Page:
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There’s More to Success

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Do nothing out of selfish ambition or vain conceit, but in humility consider others better than yourselves. Each of you should look not only to your own interests, but also to the interests of others. Philippians 2:3,4

Dr. Martin Luther King, Jr. said, “If a man is called to be a street sweeper, he should sweep streets even as Michelangelo painted, or Beethoven composed music, or Shakespeare wrote poetry.” Whatever our role, our position, our organization—we should strive to be the best.

Agreed. But what if there was more . . . ?

Don’t all people essentially want the same things? And, in part, don’t we all on some level deeply desire to be successful? I would say, “Yes!”

When people think of “success,” we frequently assume professional development or promotion, superior financial security, nicer “stuff,” good reputation among peers and colleagues, and the quality of relationships we enjoy. I think we would agree this is a fair representation of elements of success. So you say, “Okay, Chaps, we got it. So where are you going with this?”

Hmmm . . . .what if the previous portrayal of success was an incomplete model? What if there was a key ingredient missing from our construct of success? What if the missing piece to our assumed construct was so evident that when I tell you, you will at once respond, “Of course!”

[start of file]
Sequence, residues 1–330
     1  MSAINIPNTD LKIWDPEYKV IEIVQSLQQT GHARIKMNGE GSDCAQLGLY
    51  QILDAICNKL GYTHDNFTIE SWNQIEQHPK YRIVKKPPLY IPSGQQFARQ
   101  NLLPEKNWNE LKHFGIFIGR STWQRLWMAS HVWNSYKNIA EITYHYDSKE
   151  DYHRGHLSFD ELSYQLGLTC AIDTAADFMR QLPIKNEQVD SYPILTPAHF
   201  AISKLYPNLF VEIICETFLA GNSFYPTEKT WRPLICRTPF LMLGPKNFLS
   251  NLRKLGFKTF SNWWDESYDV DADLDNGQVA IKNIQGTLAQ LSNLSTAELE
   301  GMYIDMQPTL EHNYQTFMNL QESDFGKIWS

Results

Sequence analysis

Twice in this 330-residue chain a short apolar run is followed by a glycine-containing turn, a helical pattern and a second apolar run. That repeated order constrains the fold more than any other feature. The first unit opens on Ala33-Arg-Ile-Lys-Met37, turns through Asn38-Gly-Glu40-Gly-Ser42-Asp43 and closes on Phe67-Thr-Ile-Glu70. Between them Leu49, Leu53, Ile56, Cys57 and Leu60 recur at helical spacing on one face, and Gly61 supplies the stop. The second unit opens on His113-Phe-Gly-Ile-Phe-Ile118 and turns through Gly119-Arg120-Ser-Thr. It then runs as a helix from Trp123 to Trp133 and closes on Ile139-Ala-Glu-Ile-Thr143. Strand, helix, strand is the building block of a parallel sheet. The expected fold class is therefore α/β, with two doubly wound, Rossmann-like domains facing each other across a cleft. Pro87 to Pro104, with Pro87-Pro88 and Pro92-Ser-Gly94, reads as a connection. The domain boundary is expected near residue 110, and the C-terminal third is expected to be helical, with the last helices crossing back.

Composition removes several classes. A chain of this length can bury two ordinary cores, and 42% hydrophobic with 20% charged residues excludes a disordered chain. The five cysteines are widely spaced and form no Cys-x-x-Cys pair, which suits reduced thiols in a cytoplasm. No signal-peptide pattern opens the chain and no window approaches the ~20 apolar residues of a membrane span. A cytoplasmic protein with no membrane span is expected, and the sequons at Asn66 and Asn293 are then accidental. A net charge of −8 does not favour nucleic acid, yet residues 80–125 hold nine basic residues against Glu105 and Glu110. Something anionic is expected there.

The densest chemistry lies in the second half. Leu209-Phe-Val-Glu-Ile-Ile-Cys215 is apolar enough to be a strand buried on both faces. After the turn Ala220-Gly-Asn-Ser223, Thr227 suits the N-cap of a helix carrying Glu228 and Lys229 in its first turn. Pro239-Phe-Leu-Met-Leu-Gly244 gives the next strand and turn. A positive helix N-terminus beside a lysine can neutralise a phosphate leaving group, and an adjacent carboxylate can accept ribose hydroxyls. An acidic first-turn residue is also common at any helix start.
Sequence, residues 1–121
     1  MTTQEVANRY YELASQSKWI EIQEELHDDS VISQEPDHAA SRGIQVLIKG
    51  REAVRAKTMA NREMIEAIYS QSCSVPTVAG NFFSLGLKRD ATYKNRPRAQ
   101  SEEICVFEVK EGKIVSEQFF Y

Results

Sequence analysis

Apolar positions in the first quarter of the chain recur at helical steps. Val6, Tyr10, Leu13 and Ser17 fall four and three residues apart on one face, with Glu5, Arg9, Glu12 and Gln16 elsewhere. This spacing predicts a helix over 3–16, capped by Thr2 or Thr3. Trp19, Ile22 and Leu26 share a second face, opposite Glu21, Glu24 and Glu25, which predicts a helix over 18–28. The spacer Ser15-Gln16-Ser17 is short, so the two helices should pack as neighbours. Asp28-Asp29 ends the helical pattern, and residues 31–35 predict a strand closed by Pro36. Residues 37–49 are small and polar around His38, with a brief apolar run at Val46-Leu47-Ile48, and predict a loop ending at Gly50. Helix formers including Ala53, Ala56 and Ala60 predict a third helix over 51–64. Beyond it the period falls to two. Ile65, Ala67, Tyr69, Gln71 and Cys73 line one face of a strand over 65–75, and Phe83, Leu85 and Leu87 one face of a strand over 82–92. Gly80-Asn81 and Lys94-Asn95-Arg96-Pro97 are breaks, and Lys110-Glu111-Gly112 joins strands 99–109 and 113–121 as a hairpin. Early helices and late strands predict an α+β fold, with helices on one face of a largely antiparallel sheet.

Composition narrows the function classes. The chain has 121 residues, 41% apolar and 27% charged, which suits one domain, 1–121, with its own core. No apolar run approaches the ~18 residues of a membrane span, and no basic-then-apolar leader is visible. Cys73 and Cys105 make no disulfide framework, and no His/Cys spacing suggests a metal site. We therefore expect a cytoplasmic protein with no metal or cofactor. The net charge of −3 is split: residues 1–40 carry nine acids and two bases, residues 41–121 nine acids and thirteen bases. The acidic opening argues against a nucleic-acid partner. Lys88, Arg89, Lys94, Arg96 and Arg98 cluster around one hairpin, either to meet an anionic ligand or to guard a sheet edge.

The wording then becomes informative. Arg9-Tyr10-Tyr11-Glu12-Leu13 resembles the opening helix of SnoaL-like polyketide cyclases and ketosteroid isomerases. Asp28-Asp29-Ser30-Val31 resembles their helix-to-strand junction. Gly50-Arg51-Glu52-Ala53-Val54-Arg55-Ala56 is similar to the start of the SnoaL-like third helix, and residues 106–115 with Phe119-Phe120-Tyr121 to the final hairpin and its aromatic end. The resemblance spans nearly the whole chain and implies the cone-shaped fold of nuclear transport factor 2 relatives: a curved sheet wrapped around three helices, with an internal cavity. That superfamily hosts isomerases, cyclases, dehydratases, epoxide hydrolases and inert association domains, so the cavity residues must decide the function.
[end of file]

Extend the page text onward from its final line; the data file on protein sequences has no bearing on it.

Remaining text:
You and I are obsessed with love for numero uno, i.e., “me, myself and I.” Human beings are impulsively self-engrossed. Success is conventionally viewed as something “I” achieve and therefore “I” experience.

What if true success was only achieved in community, as we help others reach and become successful themselves? What if success was inherently attached to the process of “less of you and more of others?”

I believe we were fashioned with the desire for significance. But to be wholly human and satisfied in life, God hard-wired people to serve others with the same pre-conditioned vigor. Here are some thoughts to consider:

  • What if life was designed to be more “others-centered” and less “self-centered”?
  • What if we came to understand that serving and supporting others (no matter who) was a common duty that increased human pleasure?
  • What if supporting the pursuits of others was considered a privilege rather than a burden?
  • What if the pursuit to help others in our community was not perceived as a threat to our own self-interest?

I find great hope and assistance in the Scriptures because they consistently run contrary to what comes naturally to “me!” The message of Scripture time and again challenges personal assumptions I hold dearly about life. Scripture keeps me honest—so does my wife—by reminding me: “Nobody should seek his own good, but the good of others” (I Corinthians 10:24).

How different would the quality of our lives during deployment be if we aligned ourselves with this one principle and actually sought to think of others first—their needs, their struggles, their interests, their pursuits for significance?

Questions to Share

1. How did you get to where you are today? Who was instrumental in helping you achieve a degree of success in your life? Have you thanked them recently?

2. How are you naturally inclined to take care of yourself at the neglect of others?

3. What specific steps can you take to begin to include “othering” at a deeper level in your life? Who do you need to initiate a relationship with and help them achieve success?

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